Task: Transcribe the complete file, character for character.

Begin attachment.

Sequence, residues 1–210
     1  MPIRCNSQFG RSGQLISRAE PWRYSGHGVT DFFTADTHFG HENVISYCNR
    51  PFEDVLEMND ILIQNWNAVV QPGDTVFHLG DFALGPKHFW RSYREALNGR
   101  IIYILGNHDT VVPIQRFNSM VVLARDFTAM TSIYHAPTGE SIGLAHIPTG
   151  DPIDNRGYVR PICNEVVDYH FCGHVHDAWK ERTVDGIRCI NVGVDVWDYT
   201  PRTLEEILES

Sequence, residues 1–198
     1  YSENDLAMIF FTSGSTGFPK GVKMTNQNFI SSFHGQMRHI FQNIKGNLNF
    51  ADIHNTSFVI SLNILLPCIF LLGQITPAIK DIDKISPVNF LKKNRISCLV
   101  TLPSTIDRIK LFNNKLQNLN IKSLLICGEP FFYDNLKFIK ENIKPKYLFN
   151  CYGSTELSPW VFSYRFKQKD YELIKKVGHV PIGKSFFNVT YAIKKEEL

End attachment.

Sequence, residues 1–210
     1  MPIRCNSQFG RSGQLISRAE PWRYSGHGVT DFFTADTHFG HENVISYCNR
    51  PFEDVLEMND ILIQNWNAVV QPGDTVFHLG DFALGPKHFW RSYREALNGR
   101  IIYILGNHDT VVPIQRFNSM VVLARDFTAM TSIYHAPTGE SIGLAHIPTG
   151  DPIDNRGYVR PICNEVVDYH FCGHVHDAWK ERTVDGIRCI NVGVDVWDYT
   201  PRTLEEILES

Sequence, residues 1–198
     1  YSENDLAMIF FTSGSTGFPK GVKMTNQNFI SSFHGQMRHI FQNIKGNLNF
    51  ADIHNTSFVI SLNILLPCIF LLGQITPAIK DIDKISPVNF LKKNRISCLV
   101  TLPSTIDRIK LFNNKLQNLN IKSLLICGEP FFYDNLKFIK ENIKPKYLFN
   151  CYGSTELSPW VFSYRFKQKD YELIKKVGHV PIGKSFFNVT YAIKKEEL